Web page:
Mamaskatch: A Cree Coming of Age (Milkweed Editions)
As a small boy in remote Alberta, Darrel J. McLeod is immersed in his Cree family’s history, passed down in the stories of his mother, Bertha. There he is surrounded by her tales of joy and horror—of the strong men in their family, of her love for Darrel, and of the cruelty she and her sisters endured in residential school—as well as his many siblings and cousins, and the smells of moose stew and wild peppermint tea. And there young Darrel learns to be fiercely proud of his heritage and to listen to the birds that will guide him throughout his life.
But after a series of tragic losses, Bertha turns wild and unstable, and their home life becomes chaotic. Sweet and eager to please, Darrel struggles to maintain his grades and pursue interests in music and science while changing homes, witnessing domestic violence, caring for his younger siblings, and suffering abuse at the hands of his brother-in-law. Meanwhile, he begins to question and grapple with his sexual identity—a reckoning complicated by the repercussions of his abuse and his sibling’s own gender transition.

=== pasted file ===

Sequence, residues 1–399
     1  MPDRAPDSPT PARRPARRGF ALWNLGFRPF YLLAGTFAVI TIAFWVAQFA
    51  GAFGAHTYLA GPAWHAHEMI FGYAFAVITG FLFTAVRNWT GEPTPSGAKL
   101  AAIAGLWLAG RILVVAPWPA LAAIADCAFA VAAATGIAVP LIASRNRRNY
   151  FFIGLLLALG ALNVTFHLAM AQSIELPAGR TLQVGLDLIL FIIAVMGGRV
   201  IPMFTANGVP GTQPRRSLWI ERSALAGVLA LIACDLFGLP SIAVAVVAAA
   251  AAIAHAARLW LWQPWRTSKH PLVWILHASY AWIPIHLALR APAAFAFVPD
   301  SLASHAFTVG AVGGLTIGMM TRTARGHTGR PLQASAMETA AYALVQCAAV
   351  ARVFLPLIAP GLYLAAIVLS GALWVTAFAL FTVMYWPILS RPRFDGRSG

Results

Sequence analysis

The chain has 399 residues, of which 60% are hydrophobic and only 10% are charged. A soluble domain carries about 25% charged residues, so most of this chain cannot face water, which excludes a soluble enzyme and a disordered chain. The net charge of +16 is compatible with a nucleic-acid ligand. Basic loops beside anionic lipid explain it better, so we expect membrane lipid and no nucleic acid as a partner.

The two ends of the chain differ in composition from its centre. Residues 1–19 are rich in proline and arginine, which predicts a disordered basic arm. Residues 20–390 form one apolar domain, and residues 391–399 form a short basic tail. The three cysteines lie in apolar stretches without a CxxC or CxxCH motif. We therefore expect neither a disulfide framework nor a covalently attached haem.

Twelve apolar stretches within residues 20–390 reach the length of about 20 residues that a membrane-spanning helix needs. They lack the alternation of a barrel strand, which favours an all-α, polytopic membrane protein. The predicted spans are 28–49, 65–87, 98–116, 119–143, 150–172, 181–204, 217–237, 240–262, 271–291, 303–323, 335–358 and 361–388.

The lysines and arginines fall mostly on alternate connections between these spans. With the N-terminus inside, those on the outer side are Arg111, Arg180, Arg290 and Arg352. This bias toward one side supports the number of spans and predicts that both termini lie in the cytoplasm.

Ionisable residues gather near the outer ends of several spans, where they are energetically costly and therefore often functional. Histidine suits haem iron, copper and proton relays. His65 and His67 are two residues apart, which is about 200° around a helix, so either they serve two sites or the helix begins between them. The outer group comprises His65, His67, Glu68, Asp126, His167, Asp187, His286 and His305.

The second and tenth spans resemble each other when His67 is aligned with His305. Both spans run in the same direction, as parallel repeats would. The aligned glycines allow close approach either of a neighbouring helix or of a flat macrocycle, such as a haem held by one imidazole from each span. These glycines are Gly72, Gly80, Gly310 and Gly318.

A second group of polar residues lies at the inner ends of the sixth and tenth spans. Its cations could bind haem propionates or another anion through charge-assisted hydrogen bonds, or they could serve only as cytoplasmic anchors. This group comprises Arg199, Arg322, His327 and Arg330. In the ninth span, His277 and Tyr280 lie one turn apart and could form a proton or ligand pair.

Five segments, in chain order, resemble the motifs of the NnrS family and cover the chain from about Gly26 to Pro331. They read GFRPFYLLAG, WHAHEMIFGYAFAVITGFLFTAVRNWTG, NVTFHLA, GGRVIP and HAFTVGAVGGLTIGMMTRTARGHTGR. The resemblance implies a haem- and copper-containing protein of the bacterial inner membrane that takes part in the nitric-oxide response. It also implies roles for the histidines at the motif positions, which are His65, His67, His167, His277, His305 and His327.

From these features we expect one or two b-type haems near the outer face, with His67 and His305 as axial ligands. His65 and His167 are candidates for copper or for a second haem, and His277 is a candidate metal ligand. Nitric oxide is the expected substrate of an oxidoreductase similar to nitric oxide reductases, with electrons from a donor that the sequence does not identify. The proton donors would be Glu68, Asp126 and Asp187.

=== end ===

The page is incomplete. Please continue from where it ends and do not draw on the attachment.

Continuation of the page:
Thrillingly written in a series of fractured vignettes, and unflinchingly honest, Mamaskatch—“It’s a wonder!” in Cree—is a heartbreaking account of how traumas are passed down from one generation to the next, and an uplifting story of one individual who overcame enormous obstacles in pursuit of a fulfilling and adventurous life.
Praise for Mamaskatch
“Powerful and overdue . . . The hard and brilliant life breathing on [these] pages brought me to tears, to joy, and to grace.” —Terese Marie Mailhot, author of Heart Berries
"Lyrically written and linked by family, compassion, forgiveness, and hope, Mamaskatch sings out as a modern-day celebration of healing.” —Kirkus (starred review)
“McLeod's story is a close-up of the continuing effects of manifest destiny . . . Readers will appreciate McLeod's hard-won peace.” —Booklist
Darrel J. McLeod is Cree from treaty eight territory in Northern Alberta. His first book, Mamaskatch, received the Governor General’s Literary Award for Nonfiction. Before deciding to pursue writing in his retirement, he was a chief negotiator of land claims for the federal government and executive director of education and international affairs with the Assembly of First Nations. He holds degrees in French literature and education from the University of British Columbia. He lives in Sooke, British Columbia.
Author photo by Ilja Herb